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Discussion on: The Problem with Interfaces, and how Go Fixed it

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danielhoffmann_ profile image
Daniel HB

What about name collisions? This seems so wrong to me, how is type-safety enforced?

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thatjoemoore profile image
Joseph Moore

The Go developers believe that, with interfaces, you mostly care about what something can do, not what something is. So, instead of having a rigid type system with inheritance and all that mess, they allow functions and methods to just declare "I need something that can do these things." If you're coming from a more complex type system, like Java (which is where I came from), it can take some getting used to, but it's really one of my favorite parts of Go. It lets me concentrate on what things need to be doing, not what crazy class tree they're part of.

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danielhoffmann_ profile image
Daniel HB

I also come from Java world. I can see what you mean, but still what is the problem of just saying that this class implements this interface? This is completely unrelated to inheritance.

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dean profile image
Dean Bassett Author

Because declaring what an object is requires that you know that something exists.
Take that salad example from earlier: even though salads can be eaten, because it doesn't know the Edible interface exists, it isn't "Edible"
In Go, because Salad has an "Eat()" method, it can do everything that an Edible can do, so it is considered Edible.

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danielhoffmann_ profile image
Daniel HB

Well, I stopped to think about this a little more and I don't think I ever used 2 interfaces with the same method names in any of my code ever (although I have not been coding type-safe languages for a while now). I can see why go went this route, but it is hard to measure how many problems this might cause without making a large-scale project.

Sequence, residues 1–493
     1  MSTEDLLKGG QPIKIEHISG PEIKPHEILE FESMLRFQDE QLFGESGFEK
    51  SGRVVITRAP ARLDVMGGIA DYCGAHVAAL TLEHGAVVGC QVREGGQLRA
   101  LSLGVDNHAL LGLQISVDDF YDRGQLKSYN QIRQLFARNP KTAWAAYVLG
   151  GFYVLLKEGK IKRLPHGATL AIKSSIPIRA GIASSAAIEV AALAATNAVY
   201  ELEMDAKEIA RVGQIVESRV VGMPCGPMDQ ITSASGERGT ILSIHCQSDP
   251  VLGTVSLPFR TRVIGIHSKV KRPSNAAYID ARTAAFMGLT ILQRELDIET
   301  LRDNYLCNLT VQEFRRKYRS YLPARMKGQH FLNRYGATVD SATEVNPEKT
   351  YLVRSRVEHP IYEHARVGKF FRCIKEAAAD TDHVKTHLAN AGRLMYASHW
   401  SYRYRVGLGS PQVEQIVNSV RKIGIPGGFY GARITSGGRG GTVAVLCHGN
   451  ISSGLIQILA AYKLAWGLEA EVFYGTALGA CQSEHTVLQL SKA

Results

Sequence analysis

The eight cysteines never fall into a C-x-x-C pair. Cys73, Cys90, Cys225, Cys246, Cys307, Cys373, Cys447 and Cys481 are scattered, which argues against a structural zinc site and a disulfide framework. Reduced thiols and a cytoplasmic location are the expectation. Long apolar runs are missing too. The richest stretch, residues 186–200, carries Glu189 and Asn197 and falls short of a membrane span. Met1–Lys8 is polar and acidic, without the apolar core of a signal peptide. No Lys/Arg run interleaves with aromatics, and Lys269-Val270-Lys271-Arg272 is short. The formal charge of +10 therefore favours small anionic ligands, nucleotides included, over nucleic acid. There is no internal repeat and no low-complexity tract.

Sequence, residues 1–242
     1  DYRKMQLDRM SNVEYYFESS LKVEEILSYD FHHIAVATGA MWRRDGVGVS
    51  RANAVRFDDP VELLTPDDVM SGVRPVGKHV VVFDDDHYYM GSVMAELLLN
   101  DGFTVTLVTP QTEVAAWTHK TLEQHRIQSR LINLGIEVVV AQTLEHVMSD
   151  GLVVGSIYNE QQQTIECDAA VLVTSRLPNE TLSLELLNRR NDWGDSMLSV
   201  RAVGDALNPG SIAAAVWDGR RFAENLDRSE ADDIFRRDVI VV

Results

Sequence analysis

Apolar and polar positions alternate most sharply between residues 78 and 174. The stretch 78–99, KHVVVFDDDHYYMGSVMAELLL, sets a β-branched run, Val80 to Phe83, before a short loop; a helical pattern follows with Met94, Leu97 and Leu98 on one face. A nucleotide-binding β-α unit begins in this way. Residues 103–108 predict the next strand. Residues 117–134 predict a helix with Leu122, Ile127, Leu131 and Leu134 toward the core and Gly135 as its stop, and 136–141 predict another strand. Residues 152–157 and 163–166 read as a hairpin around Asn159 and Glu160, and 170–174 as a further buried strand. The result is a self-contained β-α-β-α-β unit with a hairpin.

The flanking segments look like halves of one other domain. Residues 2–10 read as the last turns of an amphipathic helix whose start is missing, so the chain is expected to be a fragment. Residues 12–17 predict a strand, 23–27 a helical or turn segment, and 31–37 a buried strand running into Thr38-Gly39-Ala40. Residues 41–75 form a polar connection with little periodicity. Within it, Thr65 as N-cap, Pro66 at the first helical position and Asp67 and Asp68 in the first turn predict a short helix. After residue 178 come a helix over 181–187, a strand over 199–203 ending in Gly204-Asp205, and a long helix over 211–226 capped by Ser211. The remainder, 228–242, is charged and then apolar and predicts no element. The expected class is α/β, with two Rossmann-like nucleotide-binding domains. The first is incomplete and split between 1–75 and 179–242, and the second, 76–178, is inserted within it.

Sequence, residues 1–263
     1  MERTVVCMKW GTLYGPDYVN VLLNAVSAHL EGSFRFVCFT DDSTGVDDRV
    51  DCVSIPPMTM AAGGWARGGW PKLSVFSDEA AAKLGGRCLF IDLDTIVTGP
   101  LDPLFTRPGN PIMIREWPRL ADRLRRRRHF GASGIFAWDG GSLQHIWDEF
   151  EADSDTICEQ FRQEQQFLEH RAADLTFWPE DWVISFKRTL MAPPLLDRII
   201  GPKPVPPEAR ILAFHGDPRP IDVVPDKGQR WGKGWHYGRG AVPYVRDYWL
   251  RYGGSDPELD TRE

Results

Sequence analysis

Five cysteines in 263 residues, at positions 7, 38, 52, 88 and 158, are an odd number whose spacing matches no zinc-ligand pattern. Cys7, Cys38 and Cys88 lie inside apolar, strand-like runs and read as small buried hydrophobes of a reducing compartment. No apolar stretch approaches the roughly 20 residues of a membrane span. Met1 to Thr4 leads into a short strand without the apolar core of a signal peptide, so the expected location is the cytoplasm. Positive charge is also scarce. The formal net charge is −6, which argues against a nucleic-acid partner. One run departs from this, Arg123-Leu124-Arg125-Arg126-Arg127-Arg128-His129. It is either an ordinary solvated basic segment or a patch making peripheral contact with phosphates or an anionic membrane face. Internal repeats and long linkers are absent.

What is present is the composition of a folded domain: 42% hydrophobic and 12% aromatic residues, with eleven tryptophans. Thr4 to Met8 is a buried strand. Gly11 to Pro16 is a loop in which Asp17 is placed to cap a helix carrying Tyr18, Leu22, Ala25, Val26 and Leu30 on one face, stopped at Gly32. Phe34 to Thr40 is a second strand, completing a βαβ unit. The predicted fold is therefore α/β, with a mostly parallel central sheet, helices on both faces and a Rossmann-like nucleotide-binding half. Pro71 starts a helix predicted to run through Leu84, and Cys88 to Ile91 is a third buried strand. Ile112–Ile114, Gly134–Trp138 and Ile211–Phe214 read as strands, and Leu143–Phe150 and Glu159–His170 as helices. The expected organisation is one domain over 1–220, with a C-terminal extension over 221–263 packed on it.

I still like the idea of specifying in the class what interfaces it implements, for example if a class implements Serializable I know ALL methods of Serializable are implemented there. Instead of having to check all the methods in a class, I can just check the class stub. This very useful when browsing the javadocs, I can just check the class implemented interfaces and see if it implements Serializable and just throw it at a JSON encoder or some other IO operation.

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dean profile image
Dean Bassett Author

It doesn't cause problems from my experience. Also interfaces in Go still require a full method signature. But in Go, interfaces shouldn't be used to define what a type is, but rather what it does. To tell what a type is, you can use GoDoc.

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coreload profile image
📶

A type that implements an interface does so solely by using a value of that type in a position for that interfaces. So a use is a kind of implicit definition.

If a type is used in the position of two interfaces with some or all method signatures in common this should be 1. suspect or 2. based on informal contracts that those common methods are intended to conform to each other. Type safety will be enforced. Intent should be suspect.

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Daniel HB

Interesting, so there is some type inference going on when you throw an object at a method that expects an Interface as an argument. Thanks for the explanation!

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Chad Kunde

In the case of passing a struct into a function that takes an interface, the compiler enforces interface requirements. It will even tell you what methods are missing from the type which cause it not to fulfill the interface.

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dean profile image
Dean Bassett Author

I re-read your question and realized that no one really answered it. I didn't want to get into the whole concept of packages in Go in the blog post so I didn't go into it. Basically, when referring to a type, variable, or anything, you refer to it through packagename.whatever. Our Edible interface could be referred to as mypackage.Edible, the Burger struct could be referred to as mypackage.Burger, although we can just refer to them as Edible and Burger because they are in our package.

Meanwhile, the Salad struct must be referred to as theirpackage.Salad because it is in a different package.

Also, in terms of type collisions with method names, all arguments and the return type must match the interface's in order for it to be considered "implemented".